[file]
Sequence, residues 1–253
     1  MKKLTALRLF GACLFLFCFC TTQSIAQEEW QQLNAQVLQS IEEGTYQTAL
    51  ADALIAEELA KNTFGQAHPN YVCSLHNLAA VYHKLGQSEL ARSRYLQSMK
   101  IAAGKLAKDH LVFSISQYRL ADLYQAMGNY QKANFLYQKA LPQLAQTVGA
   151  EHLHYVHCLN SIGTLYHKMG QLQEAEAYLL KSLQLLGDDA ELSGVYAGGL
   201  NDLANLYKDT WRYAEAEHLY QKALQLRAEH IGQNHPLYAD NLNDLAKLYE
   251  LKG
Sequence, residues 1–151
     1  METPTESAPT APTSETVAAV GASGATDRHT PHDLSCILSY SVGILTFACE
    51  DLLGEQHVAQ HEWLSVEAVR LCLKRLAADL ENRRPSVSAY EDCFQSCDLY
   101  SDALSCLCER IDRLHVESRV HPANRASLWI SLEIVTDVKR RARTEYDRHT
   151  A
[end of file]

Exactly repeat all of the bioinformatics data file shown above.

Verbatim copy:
Sequence, residues 1–253
     1  MKKLTALRLF GACLFLFCFC TTQSIAQEEW QQLNAQVLQS IEEGTYQTAL
    51  ADALIAEELA KNTFGQAHPN YVCSLHNLAA VYHKLGQSEL ARSRYLQSMK
   101  IAAGKLAKDH LVFSISQYRL ADLYQAMGNY QKANFLYQKA LPQLAQTVGA
   151  EHLHYVHCLN SIGTLYHKMG QLQEAEAYLL KSLQLLGDDA ELSGVYAGGL
   201  NDLANLYKDT WRYAEAEHLY QKALQLRAEH IGQNHPLYAD NLNDLAKLYE
   251  LKG
Sequence, residues 1–151
     1  METPTESAPT APTSETVAAV GASGATDRHT PHDLSCILSY SVGILTFACE
    51  DLLGEQHVAQ HEWLSVEAVR LCLKRLAADL ENRRPSVSAY EDCFQSCDLY
   101  SDALSCLCER IDRLHVESRV HPANRASLWI SLEIVTDVKR RARTEYDRHT
   151  A